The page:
Name Dropper First Post
    Following a long week of difficult conversations with friends, family and colleagues, I have since decided to resign, before my journey as a Police Officer even began. On reflection, I totally can see I was the one who made the mistake of not properly talking about applying before I actually did and that was extremely disrespectful to my partner.

    Having said that, do I honestly believe I would have got as far as I did, if we had have spoken about me becoming a PO? IMO I don't think so and I would have probably been talked out of it. Do I think we would have 'made' it work? My glass will always remain half full on that one - but perhaps the time off being injured has perhaps added a new perspective to everything, given how much our household has changed since I first applied in 2019 - another child, partners job relocating and of course my injury!

    I can now see a lot of my decision making was being lead with my heart, as per the title, although I know my heart will always be broken at the missed opportunity. Something I've always wanted to do, but truth be told, in my mid-20's I'd forgotten about the idea and only when I started working for the Constabulary did I reignite my passion, and again, in my heart thought - I can still do this, right? It is somewhat a hollow feeling knowing that I got as far as I did, but then withdrawing before I got the opportunity to even give it a go - but I will always accept, sometimes in life, things just aren't meant to be.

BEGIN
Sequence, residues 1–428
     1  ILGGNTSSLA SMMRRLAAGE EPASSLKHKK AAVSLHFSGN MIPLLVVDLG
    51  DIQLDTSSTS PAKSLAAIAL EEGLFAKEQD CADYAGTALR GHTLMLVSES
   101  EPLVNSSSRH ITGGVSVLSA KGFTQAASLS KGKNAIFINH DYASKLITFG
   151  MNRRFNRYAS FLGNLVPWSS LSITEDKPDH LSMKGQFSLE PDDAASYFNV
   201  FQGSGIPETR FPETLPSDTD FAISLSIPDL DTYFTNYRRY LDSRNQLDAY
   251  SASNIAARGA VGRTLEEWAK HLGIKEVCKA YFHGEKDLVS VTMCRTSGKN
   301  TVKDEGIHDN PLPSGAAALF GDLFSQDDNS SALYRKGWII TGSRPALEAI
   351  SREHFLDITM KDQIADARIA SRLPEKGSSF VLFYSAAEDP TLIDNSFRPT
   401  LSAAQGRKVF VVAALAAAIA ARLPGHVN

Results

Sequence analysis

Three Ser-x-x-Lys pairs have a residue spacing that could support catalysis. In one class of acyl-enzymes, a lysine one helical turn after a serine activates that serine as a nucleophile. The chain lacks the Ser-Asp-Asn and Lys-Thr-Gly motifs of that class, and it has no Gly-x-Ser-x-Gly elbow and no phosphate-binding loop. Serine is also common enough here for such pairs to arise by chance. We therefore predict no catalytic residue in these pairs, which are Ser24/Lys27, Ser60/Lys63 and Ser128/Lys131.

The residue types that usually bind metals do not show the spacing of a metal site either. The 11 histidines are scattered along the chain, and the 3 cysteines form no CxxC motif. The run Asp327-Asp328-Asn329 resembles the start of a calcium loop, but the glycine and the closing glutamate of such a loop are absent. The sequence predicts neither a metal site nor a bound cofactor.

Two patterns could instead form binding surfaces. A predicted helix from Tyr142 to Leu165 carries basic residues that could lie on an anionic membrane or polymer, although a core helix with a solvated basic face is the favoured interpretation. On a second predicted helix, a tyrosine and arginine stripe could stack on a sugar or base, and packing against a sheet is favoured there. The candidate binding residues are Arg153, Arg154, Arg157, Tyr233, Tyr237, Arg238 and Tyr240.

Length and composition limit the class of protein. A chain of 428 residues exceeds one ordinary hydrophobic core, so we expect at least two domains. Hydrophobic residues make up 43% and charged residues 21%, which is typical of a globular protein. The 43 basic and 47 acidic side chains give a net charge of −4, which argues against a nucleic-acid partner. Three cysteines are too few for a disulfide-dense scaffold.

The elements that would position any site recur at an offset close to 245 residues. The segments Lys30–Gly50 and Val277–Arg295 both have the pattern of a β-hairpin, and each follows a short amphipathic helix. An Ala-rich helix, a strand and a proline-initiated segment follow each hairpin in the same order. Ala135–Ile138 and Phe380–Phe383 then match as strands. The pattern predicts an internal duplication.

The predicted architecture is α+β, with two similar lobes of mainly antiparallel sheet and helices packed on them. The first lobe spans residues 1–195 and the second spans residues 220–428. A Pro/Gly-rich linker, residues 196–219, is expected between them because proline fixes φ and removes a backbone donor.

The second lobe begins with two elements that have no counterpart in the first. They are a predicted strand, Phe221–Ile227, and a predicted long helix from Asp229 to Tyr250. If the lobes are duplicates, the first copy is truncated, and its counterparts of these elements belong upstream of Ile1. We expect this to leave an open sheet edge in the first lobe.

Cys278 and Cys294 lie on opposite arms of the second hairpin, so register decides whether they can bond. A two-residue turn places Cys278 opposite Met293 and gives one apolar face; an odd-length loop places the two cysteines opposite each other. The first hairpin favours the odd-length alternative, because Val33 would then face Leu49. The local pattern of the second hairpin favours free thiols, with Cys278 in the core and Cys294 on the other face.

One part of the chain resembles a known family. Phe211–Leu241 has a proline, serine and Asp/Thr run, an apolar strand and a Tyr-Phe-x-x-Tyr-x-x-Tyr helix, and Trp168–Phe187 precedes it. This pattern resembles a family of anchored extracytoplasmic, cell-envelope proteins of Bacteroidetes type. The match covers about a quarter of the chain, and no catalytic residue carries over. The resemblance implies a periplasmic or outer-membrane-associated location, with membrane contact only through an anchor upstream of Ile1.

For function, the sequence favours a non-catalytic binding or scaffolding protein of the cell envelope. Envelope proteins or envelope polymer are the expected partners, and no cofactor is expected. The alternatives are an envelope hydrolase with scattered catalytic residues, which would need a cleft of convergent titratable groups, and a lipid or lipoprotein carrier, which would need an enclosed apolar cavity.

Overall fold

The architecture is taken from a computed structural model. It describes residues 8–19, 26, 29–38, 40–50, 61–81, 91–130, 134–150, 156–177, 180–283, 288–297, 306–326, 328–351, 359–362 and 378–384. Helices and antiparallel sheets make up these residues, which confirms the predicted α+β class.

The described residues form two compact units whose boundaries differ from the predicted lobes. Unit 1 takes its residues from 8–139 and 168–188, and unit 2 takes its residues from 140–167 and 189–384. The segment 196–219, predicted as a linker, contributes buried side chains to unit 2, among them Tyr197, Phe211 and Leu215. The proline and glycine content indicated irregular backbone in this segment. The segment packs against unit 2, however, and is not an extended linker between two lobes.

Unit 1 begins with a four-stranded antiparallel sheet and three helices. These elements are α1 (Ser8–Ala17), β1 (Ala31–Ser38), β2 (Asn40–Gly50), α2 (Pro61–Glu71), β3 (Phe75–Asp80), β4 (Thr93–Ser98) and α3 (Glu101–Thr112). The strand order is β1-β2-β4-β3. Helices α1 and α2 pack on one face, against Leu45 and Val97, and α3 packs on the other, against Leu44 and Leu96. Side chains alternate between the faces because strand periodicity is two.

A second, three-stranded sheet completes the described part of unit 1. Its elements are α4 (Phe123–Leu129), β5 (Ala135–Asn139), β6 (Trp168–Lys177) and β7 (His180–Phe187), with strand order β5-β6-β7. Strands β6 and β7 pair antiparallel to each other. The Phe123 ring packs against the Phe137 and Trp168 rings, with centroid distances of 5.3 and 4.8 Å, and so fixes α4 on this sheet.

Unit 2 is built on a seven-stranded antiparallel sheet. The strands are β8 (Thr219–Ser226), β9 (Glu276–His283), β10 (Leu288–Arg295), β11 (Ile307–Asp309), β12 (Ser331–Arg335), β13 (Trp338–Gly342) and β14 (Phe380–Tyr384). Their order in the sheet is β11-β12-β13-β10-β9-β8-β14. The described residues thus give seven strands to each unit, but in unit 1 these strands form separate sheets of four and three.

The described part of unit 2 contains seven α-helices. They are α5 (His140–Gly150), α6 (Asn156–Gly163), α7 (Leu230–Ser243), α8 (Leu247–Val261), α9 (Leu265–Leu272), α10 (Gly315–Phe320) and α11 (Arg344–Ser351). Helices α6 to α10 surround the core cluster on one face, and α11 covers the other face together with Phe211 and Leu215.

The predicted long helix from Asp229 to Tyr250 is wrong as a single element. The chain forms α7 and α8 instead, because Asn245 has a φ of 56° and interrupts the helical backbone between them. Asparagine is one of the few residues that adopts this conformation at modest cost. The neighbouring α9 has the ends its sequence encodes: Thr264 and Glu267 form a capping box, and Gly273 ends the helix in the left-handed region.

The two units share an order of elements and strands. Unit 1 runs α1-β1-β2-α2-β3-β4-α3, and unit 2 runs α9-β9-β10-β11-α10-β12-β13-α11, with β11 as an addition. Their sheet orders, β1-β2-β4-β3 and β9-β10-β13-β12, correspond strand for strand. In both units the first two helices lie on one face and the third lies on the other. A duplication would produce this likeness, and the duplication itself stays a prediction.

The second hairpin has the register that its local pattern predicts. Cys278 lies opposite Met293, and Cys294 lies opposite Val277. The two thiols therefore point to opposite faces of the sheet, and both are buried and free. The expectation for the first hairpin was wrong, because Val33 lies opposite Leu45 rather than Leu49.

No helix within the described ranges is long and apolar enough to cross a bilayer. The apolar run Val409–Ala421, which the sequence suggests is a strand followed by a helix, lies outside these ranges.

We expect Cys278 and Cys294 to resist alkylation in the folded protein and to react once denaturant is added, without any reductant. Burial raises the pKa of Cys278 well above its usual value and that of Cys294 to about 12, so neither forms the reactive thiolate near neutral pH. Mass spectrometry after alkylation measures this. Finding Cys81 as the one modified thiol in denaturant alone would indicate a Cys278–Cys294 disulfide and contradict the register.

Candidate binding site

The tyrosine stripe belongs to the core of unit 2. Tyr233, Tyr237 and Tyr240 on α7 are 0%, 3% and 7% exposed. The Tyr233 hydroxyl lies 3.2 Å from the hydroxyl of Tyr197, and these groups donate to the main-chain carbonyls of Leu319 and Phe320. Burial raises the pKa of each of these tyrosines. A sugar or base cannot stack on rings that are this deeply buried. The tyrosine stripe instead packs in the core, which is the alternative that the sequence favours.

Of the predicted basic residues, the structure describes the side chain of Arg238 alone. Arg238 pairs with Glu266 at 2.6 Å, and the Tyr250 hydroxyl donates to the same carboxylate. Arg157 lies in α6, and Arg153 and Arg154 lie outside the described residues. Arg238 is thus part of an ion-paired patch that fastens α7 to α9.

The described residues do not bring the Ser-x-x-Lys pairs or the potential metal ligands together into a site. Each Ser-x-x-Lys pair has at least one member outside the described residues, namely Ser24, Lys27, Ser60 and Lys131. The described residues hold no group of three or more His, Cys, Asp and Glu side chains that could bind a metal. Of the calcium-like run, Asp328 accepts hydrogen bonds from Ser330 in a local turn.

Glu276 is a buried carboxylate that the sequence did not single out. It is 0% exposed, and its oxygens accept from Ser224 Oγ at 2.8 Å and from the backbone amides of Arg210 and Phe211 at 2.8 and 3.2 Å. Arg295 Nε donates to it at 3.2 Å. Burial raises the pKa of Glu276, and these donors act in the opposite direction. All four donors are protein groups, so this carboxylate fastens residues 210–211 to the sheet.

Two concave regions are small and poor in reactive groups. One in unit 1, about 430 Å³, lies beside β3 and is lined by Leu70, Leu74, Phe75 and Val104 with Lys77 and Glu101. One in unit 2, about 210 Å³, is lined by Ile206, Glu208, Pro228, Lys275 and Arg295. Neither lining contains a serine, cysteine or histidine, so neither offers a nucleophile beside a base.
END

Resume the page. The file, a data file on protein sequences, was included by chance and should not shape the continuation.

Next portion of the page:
Whilst it certainly doesn't feel like it now, having only resigned a number of hours ago, I will remain optimistic that in 10 years time I made the right decision - and who knows, I could always re-apply later down the line!